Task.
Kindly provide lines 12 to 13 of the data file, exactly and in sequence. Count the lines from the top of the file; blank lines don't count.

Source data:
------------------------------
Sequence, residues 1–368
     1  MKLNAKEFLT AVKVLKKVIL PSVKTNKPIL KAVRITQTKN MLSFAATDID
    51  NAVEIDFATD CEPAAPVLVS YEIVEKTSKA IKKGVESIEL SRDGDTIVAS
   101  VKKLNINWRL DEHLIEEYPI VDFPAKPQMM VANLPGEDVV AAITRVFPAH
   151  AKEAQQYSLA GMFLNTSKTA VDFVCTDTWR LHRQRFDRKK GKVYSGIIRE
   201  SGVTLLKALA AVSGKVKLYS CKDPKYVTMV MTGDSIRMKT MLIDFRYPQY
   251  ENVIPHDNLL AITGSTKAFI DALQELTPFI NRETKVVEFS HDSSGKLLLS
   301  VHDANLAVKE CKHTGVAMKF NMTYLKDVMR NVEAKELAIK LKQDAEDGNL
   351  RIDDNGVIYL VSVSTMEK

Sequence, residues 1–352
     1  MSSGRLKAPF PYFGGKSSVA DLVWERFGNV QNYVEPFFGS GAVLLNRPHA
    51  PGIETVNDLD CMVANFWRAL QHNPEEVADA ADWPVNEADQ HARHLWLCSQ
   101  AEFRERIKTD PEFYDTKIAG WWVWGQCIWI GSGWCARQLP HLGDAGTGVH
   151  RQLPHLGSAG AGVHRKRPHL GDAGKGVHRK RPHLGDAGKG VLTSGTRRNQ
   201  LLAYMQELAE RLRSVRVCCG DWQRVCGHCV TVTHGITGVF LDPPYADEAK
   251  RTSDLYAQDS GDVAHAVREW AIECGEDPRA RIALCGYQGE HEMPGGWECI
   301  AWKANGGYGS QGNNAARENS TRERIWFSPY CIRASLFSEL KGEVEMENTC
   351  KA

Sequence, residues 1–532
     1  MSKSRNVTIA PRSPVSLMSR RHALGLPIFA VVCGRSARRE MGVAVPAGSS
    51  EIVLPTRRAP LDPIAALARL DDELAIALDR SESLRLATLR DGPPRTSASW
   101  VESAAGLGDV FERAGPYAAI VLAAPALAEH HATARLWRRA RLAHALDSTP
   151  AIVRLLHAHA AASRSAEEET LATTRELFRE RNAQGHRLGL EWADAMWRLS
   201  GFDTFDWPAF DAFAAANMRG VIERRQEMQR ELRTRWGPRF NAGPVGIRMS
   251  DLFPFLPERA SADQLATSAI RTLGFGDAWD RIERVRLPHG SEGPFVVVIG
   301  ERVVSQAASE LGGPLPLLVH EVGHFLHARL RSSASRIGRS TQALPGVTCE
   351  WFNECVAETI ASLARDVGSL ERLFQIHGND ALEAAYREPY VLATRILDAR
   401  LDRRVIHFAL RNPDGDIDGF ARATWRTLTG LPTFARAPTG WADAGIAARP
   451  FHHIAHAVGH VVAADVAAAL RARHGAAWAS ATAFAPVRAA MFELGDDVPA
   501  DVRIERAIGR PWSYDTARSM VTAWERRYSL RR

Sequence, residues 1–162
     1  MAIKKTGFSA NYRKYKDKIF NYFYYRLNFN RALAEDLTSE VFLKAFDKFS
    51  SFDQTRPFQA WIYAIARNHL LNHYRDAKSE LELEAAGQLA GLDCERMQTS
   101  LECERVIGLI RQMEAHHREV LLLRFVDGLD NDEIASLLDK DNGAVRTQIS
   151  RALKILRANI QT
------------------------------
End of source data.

    51  PGIETVNDLD CMVANFWRAL QHNPEEVADA ADWPVNEADQ HARHLWLCSQ
   101  AEFRERIKTD PEFYDTKIAG WWVWGQCIWI GSGWCARQLP HLGDAGTGVH